Thursday, 28 March 2019

Ceisteanna (36)

Thomas P. Broughan

Ceist:

36. Deputy Thomas P. Broughan asked the Minister for Children and Youth Affairs her views on the serious difficulties facing Tusla; the number of child protection notifications yet to be investigated; and if she will make a statement on the matter. [14279/19]

Amharc ar fhreagra

Freagraí scríofa (Ceist ar Children)

I am glad to have an opportunity to set out the immense work that Tusla has undertaken since its establishment, the ongoing challenges it is facing and the immediate and longer term actions being put in place as I speak.

Tusla was established in 2014 with the task of bringing together 17 child protection service areas across the country, to operate as one Agency. It must be remembered that the different areas, although all in the HSE, had continued in reality to operate different practices and policies, reflecting their different health board origins. Tusla's task was to reform the 17 areas into a single organisation with new management structures, bring together nearly 4,000 staff from three separate organisations, (the HSE, the Family support Agency and the National Educational Welfare Board) develop national operational policies and realign the new organisation to current need. All of this had to occur while providing the ongoing complex business of child protection services in the face of increasing referrals.

Tusla has been engaged in a programme of reform which involves the standardisation of business processes, the development of quality assurance mechanisms and improved data system to reflect service demand, outputs and outcomes. A National Child Care Information System (NCCIS) was rolled out to all 17 Tusla areas in July 2017. The NCCIS is producing high quality data and making child protection services more effective. Tusla has also implemented a national model for child protection, Signs of Safety, and, through its own auditing work, identifies practices that need improvement. Tusla now has common definitions and thresholds for child protection cases, which, for the first time, provide a true picture of children's need in our country. Knowing where the problems lie is an essential step in delivering improvements.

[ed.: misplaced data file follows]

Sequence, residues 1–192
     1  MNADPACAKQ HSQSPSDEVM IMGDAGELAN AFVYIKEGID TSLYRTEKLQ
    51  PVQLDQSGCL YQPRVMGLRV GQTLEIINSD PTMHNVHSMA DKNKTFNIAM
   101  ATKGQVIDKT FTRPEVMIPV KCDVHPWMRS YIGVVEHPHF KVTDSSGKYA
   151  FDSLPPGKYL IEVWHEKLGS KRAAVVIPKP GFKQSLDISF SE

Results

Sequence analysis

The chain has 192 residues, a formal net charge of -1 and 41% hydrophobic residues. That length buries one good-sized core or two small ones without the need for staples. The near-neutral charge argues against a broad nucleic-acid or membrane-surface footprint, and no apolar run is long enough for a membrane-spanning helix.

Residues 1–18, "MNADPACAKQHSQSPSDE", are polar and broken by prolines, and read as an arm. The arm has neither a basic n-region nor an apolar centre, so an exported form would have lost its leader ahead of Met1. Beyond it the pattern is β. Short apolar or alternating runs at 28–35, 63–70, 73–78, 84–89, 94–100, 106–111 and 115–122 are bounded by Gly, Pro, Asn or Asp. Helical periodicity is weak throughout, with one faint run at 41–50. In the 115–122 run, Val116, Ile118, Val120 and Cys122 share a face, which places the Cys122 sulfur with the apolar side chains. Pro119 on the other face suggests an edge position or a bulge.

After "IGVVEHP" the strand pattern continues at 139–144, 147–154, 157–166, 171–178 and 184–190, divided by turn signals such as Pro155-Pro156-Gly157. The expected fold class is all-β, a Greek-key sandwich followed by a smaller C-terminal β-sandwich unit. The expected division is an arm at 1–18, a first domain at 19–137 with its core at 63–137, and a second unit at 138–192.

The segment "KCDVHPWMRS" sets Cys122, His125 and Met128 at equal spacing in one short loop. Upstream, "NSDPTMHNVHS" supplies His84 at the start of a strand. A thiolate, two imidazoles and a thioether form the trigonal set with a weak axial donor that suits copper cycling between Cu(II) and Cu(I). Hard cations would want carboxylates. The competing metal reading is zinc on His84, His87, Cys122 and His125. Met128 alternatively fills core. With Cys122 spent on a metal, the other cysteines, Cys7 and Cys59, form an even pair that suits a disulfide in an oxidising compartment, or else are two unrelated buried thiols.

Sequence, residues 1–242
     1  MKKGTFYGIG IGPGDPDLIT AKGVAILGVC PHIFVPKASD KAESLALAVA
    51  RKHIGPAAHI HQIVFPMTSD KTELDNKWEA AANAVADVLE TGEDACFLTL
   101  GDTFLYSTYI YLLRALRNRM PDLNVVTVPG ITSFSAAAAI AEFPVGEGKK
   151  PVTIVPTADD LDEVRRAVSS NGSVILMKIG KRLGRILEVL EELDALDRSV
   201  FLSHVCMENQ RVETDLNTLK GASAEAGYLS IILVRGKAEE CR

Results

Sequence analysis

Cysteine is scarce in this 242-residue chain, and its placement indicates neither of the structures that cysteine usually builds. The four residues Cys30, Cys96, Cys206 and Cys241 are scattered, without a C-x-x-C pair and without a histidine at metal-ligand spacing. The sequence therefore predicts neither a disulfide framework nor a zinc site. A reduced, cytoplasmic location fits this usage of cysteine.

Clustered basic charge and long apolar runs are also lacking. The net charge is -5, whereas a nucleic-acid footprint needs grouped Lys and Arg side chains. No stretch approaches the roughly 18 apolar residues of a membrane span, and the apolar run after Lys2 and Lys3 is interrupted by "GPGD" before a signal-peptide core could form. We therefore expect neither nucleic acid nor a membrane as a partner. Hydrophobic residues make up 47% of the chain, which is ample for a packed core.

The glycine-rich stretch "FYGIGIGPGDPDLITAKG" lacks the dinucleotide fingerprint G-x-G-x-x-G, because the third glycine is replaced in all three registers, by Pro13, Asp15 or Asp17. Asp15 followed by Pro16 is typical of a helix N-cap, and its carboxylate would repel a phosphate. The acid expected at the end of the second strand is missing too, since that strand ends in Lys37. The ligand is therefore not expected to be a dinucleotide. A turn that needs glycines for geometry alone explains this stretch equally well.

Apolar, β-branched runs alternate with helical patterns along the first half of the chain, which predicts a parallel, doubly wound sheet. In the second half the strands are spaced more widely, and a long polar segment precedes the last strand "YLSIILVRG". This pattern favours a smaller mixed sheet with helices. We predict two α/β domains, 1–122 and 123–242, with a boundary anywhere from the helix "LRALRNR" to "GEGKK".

A major issue for the organisation since its establishment has been achieving a sufficient number of social workers to meet the ongoing rise in referrals for child protection and child welfare services. Tusla are finalising a Workforce Strategy to focus on future need to ensure they are in a position to address their statutory work.

HIQA have rightly identified issues in relation to retrospective cases and safety planning that need to be addressed in their Statutory Investigation published last summer. I established an Expert Advisory Group to advise me and the Board of Tusla on the progress that was being made in implementing actions. I met with the Chairperson of the EAG, Dr Moling Ryan, on Monday last and he provided me with a report identifying progress and areas needing further prioritising.

My officials are currently working with the education sector, including the five Universities and one Institute of Technology involved in qualifying social workers. The purpose of the work is to increase the future provision of social workers.

The Deputy also asks about the number of child protection and welfare referrals that have yet to be assessed. At the end of December 2018, over 6,000 cases were unallocated, representing 23% of all cases. All high-risk or urgent referrals do receive an immediate service and urgent response. Tusla has identified 5 of the 17 areas that between them hold the majority of unallocated cases. I have asked Tusla to make a presentation to me on the special measures it is putting in place in these areas to manage this worrying situation.

Question No. 37 answered with Question No. 7.
Question No. 38 answered with Question No. 17.
Questions Nos. 39 and 40 answered with Question No. 35.